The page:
We support the thrust of Amendments 1 to 5, which we were pressing on the Government not so very long ago. We are still concerned that the Bill does not improve significantly the overall British performance with regard to roads, which clearly are a very important part of the national infrastructure. We know that other countries are more successful in establishing infrastructure. Those of us who from time to time are privileged to drive on the continent often appreciate the difference that obtains there. Even the French have begun at last to approximate to British standards of road safety. There was certainly a deficiency in the past. We support the five-year roads investment strategy that is underpinned by the Bill. It sets a long-term transport planning strategy to give the road sector the same certainty that the railways have. However, we have no evidence that justifies the main thrust of the Bill, which is unamended by these amendments, and the Bill is still overwhelmingly concerned to move the roads authority to an arm’s-length position. We were not persuaded of that argument through all the days of Committee and Report and I am not sure that those in the other place were persuaded about that fundamental part.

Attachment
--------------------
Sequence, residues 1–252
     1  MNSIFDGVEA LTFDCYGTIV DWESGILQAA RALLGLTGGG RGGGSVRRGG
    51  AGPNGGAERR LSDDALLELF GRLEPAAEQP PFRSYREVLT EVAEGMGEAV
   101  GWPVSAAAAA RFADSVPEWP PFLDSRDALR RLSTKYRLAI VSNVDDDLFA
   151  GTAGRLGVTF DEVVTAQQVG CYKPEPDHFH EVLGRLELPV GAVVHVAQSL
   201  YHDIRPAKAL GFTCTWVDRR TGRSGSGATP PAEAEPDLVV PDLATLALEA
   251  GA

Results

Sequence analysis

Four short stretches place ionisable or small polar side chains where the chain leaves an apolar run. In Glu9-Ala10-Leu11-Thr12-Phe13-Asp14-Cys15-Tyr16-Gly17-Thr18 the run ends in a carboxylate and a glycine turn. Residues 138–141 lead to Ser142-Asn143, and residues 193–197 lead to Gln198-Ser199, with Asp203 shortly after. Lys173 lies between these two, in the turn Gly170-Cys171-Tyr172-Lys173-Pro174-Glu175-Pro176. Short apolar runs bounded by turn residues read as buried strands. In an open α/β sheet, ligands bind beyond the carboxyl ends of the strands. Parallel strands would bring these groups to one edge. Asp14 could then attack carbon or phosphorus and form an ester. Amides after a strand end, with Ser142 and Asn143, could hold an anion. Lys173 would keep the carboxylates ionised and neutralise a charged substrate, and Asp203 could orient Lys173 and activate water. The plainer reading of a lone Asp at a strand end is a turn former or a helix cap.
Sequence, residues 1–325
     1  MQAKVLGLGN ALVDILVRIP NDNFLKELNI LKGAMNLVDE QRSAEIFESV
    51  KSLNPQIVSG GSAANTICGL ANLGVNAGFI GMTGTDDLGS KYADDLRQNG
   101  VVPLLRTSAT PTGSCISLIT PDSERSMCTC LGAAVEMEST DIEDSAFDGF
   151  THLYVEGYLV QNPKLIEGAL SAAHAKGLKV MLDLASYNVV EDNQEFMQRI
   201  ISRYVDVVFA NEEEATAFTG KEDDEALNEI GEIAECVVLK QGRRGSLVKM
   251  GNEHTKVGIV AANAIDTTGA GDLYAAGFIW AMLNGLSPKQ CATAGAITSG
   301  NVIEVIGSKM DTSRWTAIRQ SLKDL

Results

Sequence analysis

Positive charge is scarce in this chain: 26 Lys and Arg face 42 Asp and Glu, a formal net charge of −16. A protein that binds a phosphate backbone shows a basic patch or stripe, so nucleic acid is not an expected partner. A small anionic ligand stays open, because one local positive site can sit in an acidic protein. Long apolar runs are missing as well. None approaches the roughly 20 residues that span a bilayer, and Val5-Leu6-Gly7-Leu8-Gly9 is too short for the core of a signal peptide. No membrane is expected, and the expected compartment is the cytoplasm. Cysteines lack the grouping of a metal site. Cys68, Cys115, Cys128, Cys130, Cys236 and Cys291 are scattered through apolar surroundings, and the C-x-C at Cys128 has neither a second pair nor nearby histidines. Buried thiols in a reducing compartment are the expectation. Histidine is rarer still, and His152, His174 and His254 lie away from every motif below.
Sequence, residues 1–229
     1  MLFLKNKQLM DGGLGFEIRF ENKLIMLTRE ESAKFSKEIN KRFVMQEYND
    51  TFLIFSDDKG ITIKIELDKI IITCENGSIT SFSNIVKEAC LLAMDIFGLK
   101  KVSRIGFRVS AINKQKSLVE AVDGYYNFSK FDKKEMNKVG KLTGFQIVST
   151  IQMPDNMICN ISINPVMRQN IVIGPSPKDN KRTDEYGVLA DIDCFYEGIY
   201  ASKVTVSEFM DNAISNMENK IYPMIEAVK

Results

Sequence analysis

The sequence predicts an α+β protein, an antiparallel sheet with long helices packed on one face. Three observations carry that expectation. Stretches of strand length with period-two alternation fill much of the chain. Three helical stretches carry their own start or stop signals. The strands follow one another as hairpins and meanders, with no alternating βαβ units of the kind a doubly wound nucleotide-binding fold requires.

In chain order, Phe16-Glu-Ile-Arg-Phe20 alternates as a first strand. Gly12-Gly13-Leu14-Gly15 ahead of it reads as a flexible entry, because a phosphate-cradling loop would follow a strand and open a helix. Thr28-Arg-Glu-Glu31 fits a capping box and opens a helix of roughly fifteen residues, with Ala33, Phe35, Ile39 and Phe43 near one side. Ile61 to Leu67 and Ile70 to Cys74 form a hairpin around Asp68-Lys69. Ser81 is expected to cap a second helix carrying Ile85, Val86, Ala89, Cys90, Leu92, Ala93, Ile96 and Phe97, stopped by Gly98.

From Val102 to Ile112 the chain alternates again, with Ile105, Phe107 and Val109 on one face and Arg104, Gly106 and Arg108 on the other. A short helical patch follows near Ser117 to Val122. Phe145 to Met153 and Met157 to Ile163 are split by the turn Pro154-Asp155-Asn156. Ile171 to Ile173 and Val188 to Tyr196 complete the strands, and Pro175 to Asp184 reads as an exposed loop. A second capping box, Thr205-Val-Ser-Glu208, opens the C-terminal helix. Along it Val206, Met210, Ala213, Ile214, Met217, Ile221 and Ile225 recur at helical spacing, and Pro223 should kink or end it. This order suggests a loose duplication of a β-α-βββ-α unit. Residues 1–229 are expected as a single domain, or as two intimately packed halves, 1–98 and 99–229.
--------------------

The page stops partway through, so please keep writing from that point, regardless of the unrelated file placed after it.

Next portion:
We are broadly in favour of Amendments 1 to 5. The Minister took a very serious and empathetic approach to explaining how TUPE was to be fulfilled with regard to the Bill. I understand Amendment 44 and could not endorse it more whole-heartedly. However, I am not quite sure what Amendment 45 is doing there and I therefore ask the Minister to spell that out in greater detail.

We are pleased at the progress that has been made. We think it was a long time coming, because we were debating this Bill several months ago and there is not much in these amendments that we had not articulated or advanced in argument at that time without winning too much support. We are pleased with the amendments that are before us and will be supporting them.